California Gov. Arnold Schwarzenegger may be down in the polls, but he looked comfortable flanked by a fleet of green cars, including Chevrolet Equinox and Mercedes F-cell hydrogen cars, a diesel Volkswagen Touran and a hybrid Ford Fusion. “It’s technology in the end that will save us all and help fight global warming,” he said.

Schwarzenegger spoke just before the Greater Los Angeles Auto Show, which is scheduled to run Dec. 4-13 (though the press gets an early look). The governor who told Detroit in 2007 to “get off your butt” is now crowing that “we didn’t take no for an answer.” Schwarzenegger’s state has the toughest emissions rules in the country, and that’s led to epic battles — but today the industry is united around a federal version of the state’s mandates (for 2012 to 2016), and the showroom floor will be crowded with green vehicles.

The production version of the Chevrolet Volt will be rolled out — though even ahead of CEO Fritz Henderson’s unveiling in Los Angeles, GM is saying that the $40,000 gas-electric hybrid, which uses its small gas motor to supply power to the electric motor, will initially be available only in certain markets. “We’re looking at infrastructure [and] tax credits,” Chevrolet President Brent Dewar told AutoWeek. “There definitely is demand.”

GM will also show off the Chevrolet Cruz, which looks to be a pretty credible small car to replace the aging Cobalt. And speaking of small cars, here are three concepts scheduled for their debut in Los Angeles:

  • Lexus LF-Ch. This is the year of weird car names. The Lexus is a welcome fuel-efficient compact (with a hybrid variant) that will actually go into production. Aimed at European cars such as the BMW 1-Series, Mercedes B-Class and the Audi A3, it’s an attractive hatchback that, alas, might not be sold in the U.S. The show car sports hybrid badges, and a lot of “hot hatch” performance cues. The hybrid supposedly will have electric-only capabilities, but that doesn’t make it a plug-in hybrid.
  • Volkswagen L1. This two-seater car (with the passenger behind the driver) beats the 70-mpg Polo BlueMotion hands-down: 170 mpg is claimed from a tiny 800-cc diesel engine mated to an electric motor and a seven-speed transmission. To get that mileage, the vehicle better be very light, and the L1 (with a carbon-fiber body) weighs only 838 pounds. It’s also extremely aerodynamic, with a drag coefficient far more slippery than any production car: just 0.195. Again, VW says it’s ultimately headed for showrooms (“near-production,” is what they say), though it may shed such big expenses as the carbon-fiber skin.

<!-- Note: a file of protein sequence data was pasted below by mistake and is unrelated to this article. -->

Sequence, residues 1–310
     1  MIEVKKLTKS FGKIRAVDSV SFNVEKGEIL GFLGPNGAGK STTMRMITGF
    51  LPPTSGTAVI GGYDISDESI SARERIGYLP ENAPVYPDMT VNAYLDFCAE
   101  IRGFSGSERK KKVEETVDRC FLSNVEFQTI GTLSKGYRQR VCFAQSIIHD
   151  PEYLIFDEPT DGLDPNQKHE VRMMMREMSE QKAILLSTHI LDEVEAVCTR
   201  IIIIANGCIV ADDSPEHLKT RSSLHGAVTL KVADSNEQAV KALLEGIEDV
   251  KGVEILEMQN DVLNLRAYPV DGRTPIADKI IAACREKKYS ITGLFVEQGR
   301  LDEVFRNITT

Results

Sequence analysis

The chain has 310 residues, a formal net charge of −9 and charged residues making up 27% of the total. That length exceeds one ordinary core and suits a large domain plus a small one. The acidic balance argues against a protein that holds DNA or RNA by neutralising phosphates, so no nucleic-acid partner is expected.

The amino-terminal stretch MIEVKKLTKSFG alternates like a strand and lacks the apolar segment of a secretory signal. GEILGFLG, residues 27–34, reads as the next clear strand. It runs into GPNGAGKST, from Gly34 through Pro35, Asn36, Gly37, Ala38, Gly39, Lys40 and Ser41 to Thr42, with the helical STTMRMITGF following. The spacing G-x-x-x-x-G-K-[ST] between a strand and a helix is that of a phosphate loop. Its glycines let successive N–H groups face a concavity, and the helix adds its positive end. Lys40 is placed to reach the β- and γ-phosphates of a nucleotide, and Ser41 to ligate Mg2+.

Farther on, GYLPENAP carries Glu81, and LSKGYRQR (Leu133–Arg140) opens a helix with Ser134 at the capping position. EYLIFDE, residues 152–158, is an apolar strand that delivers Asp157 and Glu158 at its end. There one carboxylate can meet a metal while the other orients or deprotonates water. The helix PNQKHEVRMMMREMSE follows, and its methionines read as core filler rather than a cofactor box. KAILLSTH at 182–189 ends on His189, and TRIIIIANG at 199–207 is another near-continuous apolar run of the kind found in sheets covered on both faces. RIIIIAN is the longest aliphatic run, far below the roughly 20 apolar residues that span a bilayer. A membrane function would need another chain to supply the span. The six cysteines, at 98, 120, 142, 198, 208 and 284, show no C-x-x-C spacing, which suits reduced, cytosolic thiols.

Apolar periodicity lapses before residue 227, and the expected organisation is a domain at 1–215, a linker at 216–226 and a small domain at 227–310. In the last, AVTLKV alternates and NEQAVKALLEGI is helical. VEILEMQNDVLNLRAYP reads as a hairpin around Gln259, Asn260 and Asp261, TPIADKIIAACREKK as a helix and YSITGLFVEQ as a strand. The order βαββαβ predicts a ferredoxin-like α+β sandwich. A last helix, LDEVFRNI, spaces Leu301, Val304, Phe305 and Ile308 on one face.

• Honda P-Nut Coupe. Love the name, and I wish I could say I love the car, too, but all I know is that it emerged from Honda’s Advanced Design Studio in Los Angeles and is “a futuristic concept for an ultra-compact, aggressively designed coupe.” The concept is said to be more about smart packaging for a very small urban commuter car than any powertrain innovation. Honda’s headline says, “Futuristic design study demonstrates potential of ultra-compact, city-focused vehicle.” And P-Nut stands for “Personal-Neo Urban Transport.” The car will be revealed tomorrow, though, so I’ll let you know.
There will be more news coming out of L.A. There were some tidbits: Nissan said that by 2015 it will be able to produce a lithium-ion battery pack with double the range of the Leaf’s 100-mile pack. Tata wants to make a hybrid version of the $2,500 Nano. And Capstone (whose usual fare is hybrid buses) showed off a hybrid-electric supercar with an onboard diesel micro-turbine capable of 80-mile all-electric range (plus zero to 60 times of 3.9 seconds). Stay tuned.

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